If a zone in the foot is stimulated, it should have positive health effects on the organs, glands, circulatory system and nervous system that lie within that zone, she says.
The primary benefit of reflexology is that it promotes circulation to every cell in the body. Another benefit is relieving stress, she says.
"When you improve circulation, you bring in more oxygen and nutrients and you remove waste from that part of the body," Ms. Sobti says. "When we improve circulation, you allow the organ to heal itself."
Whatever a person's condition, reflexology is a safe, noninvasive treatment, says Chari Moye, founder and director of the Baltimore School of Reflexology. She is a nationally certified reflexologist through the American Reflexology Certification Board.
Everybody has some health problems, she says. No matter what the issue, reflexology can bring some relief. Of all her clients, Mrs. Moye is most pleased at the positive results with her son, who is now 23. When he was 14, he had a macular hole in his retina. Within four to six months of receiving reflexology treatments, his sight improved from 20/200 to 20/40. She also used reflexology to help her husband recover from shock after a car accident.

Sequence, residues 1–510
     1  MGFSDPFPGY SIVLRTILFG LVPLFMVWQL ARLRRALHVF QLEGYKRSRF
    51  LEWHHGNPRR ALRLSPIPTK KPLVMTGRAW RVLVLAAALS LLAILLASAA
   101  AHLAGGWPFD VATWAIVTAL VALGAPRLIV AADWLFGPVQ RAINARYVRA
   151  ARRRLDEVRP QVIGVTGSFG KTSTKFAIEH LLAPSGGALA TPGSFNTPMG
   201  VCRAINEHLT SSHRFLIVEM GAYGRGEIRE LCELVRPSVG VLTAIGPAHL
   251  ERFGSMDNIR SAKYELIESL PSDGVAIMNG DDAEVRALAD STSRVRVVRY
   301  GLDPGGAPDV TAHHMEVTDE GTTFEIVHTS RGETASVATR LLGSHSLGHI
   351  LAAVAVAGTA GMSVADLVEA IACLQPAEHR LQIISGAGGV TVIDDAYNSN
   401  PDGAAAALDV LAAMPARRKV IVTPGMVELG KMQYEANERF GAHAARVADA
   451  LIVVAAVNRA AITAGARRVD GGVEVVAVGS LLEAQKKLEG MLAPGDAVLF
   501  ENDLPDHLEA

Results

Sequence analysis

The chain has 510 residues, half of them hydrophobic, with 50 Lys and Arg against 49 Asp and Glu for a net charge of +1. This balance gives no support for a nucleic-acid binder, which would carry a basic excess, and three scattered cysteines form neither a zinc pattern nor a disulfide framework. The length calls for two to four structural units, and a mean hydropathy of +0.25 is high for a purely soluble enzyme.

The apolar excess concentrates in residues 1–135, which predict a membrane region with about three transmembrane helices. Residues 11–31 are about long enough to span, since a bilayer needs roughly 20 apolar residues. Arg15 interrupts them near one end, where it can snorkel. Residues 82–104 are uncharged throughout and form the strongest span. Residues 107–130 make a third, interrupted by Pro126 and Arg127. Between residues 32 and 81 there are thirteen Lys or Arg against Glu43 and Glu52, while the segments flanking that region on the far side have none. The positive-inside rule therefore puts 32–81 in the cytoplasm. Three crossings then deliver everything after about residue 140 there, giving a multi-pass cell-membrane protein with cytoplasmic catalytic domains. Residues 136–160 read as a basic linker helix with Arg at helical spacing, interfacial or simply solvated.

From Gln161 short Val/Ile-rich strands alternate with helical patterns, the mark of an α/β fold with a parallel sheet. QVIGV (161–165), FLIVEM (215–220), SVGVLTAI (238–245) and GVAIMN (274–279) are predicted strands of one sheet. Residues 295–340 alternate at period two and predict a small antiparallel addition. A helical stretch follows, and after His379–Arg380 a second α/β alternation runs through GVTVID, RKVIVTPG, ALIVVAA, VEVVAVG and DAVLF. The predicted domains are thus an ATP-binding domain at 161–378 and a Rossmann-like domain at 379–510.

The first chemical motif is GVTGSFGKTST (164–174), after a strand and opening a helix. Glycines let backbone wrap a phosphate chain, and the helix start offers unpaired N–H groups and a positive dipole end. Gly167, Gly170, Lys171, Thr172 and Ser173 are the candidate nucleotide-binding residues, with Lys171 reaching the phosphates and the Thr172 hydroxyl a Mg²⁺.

"A lot of times, people fall asleep by the second foot," Mrs. Moye says. "I think that's a good thing. I feel so lucky to do this. You get to make people feel good."
After undergoing a few sessions, people can try to work on their own feet at home, she says.
"You can always press harder than someone else," Mrs. Moye says. "From a teaching perspective, if you did it professionally or not, it would be a good thing to know to help your family and friends. It's a fabulous tool to have."
Copyright © 2007 News World Communications, Inc.
The Center for Inquiry released a new position paper, "Understanding the intelligent design creationist movement: Its true nature and goals," on May 29, 2007. Written by Barbara Forrest, the paper (PDF) examines "the ID movement's organization, its historical and legal background, its strategy and aims, and its public policy implications," arguing that, "In promoting 'intelligent design theory' -- a term that is essentially code for the religious belief in a supernatural creator -- as a purported scientific alternative to evolutionary theory, the ID movement continues the decades-long attempt by creationists either to minimize the teaching of evolution or to gain equal time for yet another form of creationism in American public schools. Accordingly, the ID creationist movement threatens both the education of the nation's children and the constitutional separation of church and state, which protects the religious freedom of every American."